Giovanni Scarfone

A Fresh Face in Ancient Faro

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Slightly over 3 miles from the rocky Calabrian coast is Messina, the gateway to Sicily.  The Greeks first founded the colony in the 8th Century BC, and the land came to be known as “Casale del Faro” because of the influx of Greeks from the town of Pharis.  In the 18th Century Faro became internationally renowned for its wines, which were even exported to France.  Unfortunately the combination of an earthquake and tsunami in 1908 devastated both the town and agriculture of Messina, and killed about 70,000 of its residents.  Those who did survive were slow to rework the ailing vineyards, and the Faro region has never recovered completely.  In the last century the town of Messina has begun to sprawl out, and suburbia is encroaching on the land that was once used for viticulture.  Houses and businesses have replaced steep ancient vineyards that no longer have willing custodians.  Today there are only 20 Hectares under vine in the entire DOC.

Enter Giovanni Scarfone, the current steward of his family’s century-old estate: Bonavita, comprising just over two hectares of organically grown Nerello Mascalese, Nerello Cappucio, and Nocera.  Sicilian wine buffs may recognize the first two varieties from Mount Etna to the south; Nocera is an indigenous grape valued for its acidity and freshness.  Standing in Giovanni’s beautifully manicured vineyards 250 meters above the sea, one has an unparalleled view of the Italian mainland and the hills beyond.  On our visit the strong  “Sirocca” wind from Africa was  howling in the trees which surround the property and  which help protect the vines. The site gives the visitor a real feeling of isolation and solitude, remarkable considering the city is essentially just over the hill.  The soil here is a medium weight mix of clay and limestone that Giovanni fortifies by tilling in legumes and manure.  After a hand harvest by Giovanni and some local characters, the grapes are brought to a miniature cellar in the garage of his parent’s house.  There, a “pied de cuve” is separated to start a native yeast fermentation.  This fermenting must is added to the rest of the harvest and will continue to ferment for 15 days on the grape skins in stainless steel tanks.  All three of the varieties are co-fermented.  For aging, around 60% pass through used oak barrels, and the remainder stays in steel.  Bonavita is much more full of life and much less full of toasty barrel tastes than any of the other Faros we’ve tried.  Although his Faro is by no means a light-bodied wine, with Bonavita there is underlying core of fresh earth and bright fruit that keep all of the elements balanced and delicious.  We are also pleased to have received a shipment of Giovanni’s insanely delicious Rosato.  This is a blend of the thin skinned Nerello Mascalese and Nocera varieties; it walks the line between “light red” and “dark rose,” much like a Grignolino or Poulsard.   Giovanni believes that back when the Greeks worked the hills of Faro, and maceration times were much shorter, the wines were probably very much like this.  JR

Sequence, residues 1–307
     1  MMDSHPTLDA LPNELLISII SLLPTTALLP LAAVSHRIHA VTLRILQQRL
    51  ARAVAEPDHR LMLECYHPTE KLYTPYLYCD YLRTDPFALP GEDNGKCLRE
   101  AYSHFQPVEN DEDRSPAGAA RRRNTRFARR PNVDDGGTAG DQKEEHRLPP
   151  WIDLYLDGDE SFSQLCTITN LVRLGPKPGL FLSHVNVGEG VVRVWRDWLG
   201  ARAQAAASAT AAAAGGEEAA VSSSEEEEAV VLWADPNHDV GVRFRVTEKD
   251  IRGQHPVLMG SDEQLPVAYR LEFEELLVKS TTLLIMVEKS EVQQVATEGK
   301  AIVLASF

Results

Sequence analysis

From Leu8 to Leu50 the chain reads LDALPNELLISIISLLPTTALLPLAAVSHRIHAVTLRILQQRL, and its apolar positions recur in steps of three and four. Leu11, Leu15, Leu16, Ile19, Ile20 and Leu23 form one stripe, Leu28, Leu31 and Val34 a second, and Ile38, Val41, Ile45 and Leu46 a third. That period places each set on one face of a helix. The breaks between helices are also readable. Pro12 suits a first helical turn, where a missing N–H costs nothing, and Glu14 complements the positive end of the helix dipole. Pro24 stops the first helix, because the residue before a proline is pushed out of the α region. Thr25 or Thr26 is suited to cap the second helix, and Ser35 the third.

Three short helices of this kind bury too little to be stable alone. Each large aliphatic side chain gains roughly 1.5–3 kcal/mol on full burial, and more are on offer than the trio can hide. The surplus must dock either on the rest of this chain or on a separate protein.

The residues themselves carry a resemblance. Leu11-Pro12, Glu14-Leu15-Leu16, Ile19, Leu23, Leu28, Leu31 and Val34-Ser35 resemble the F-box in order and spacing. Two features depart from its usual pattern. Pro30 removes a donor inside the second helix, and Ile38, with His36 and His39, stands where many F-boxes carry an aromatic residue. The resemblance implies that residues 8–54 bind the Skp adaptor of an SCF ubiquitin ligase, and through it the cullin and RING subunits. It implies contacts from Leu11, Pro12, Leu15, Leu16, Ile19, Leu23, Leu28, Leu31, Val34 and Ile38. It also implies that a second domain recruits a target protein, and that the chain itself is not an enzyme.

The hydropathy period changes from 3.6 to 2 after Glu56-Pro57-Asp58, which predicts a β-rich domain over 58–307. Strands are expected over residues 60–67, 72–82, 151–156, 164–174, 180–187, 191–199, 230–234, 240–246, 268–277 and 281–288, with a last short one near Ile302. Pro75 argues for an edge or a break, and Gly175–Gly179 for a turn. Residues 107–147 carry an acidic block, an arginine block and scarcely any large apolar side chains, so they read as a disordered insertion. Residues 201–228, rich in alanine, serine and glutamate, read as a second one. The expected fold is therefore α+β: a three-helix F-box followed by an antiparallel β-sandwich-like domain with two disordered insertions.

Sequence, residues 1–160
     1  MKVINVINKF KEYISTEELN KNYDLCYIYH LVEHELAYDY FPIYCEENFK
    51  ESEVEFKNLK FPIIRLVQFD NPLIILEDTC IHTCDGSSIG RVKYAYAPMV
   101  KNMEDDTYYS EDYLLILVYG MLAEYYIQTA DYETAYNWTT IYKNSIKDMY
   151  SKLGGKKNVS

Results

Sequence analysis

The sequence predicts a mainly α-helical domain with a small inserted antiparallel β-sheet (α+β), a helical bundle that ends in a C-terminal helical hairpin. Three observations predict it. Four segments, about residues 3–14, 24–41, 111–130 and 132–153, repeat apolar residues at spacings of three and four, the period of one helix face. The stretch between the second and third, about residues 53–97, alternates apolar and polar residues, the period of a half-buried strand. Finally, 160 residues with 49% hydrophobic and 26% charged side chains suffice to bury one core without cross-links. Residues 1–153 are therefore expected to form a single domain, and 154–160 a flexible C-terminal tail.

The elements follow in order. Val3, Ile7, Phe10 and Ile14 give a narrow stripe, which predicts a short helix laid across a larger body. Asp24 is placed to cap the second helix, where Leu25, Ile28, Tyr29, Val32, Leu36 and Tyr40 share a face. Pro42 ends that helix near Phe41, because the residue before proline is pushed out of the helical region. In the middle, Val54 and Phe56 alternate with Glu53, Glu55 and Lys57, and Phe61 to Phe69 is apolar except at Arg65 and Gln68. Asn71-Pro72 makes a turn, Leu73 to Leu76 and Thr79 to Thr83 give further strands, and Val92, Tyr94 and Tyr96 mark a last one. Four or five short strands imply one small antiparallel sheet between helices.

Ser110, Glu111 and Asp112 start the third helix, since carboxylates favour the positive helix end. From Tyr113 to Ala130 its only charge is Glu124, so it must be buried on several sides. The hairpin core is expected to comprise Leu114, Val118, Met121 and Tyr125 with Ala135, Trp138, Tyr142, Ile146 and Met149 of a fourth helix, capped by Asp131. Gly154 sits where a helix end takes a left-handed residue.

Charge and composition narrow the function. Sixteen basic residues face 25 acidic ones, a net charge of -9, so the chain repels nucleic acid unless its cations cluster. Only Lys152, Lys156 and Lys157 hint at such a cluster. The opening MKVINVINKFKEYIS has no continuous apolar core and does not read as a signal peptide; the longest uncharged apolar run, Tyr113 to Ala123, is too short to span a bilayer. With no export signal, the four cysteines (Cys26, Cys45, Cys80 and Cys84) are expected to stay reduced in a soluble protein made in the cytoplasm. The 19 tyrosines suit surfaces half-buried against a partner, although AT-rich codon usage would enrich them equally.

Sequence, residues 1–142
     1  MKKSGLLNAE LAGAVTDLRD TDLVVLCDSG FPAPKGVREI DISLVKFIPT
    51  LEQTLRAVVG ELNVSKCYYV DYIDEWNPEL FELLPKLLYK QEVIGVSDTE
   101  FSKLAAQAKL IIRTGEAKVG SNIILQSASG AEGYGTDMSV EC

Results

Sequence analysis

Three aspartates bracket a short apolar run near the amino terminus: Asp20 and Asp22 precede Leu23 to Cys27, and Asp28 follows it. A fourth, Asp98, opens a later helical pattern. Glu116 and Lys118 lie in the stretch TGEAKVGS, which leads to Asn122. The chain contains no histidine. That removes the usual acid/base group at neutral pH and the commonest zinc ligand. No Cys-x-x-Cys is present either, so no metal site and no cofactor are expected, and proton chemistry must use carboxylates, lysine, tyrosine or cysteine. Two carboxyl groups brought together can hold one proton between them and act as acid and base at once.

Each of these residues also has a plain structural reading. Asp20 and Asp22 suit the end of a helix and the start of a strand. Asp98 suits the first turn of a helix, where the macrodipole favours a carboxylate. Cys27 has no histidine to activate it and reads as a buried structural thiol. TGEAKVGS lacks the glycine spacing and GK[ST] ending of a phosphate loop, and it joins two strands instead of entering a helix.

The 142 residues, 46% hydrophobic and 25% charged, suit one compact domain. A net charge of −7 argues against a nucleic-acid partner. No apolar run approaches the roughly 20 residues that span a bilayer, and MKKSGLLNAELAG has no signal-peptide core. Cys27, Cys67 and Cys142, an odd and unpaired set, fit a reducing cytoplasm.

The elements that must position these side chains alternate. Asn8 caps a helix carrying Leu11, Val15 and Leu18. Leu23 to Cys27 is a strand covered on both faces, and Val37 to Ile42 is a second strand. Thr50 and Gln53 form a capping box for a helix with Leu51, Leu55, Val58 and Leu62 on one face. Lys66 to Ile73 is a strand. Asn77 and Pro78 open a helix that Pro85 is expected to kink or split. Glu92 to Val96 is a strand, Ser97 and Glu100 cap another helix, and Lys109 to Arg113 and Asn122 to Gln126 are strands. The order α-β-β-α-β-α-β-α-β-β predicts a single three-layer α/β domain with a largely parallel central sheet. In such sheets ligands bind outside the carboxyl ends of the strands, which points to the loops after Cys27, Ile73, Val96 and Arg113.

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Bonavita 2011 Rosato

Last year the Bonavita’s Rosato was a run-away hit, and sold out early in the summer.  Unfortunately, there will also be tiny quantities this year because the wild boars of Faro shared our enthusiasm for Giovanni’s delicious Nerello Mascalese grapes and decreased his production by 20%!  In 2011, Giovanni increased the period of skin maceration from 12 to around 24 hours, and as a result the wine has a much darker purple color and more bright cranberry fruit than your average Provencal Rose.  This adds an extra dimension of complexity and makes the wine a choice match for some richer summer favorites like barbecue or pastas.  JR

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  • rosé
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  • $20.99

Bonavita 2008 Faro

 

Giovanni Scarfone’s 2008 Faro is powerful, with plenty of earthy complexity for fans of wines that range from rich Burgundy to Aglianico from Campania.  As is the case with the slopes surrounding Mount Etna, the main varieties planted are Nerello Mascalese and Nerello Cappuccio, but here there are also old plantings of the local grape: “Nocera.”  Nocera is lighter bodied than the Nerellos, and produces less alcohol and more acidity.  Even with the Nocera’s influence, there is a chewy quality and a serious structure to the Faro that should allow it to age gracefully for several years.  To enjoy now, pair with roasted meats with rich flavors; Bonavita’s website recommends a stewed black piglet of the Nebrodes with the apples of Mount Etna, but we assume that most heartier fare will do in a pinch!  JR

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  • red
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  • $39.99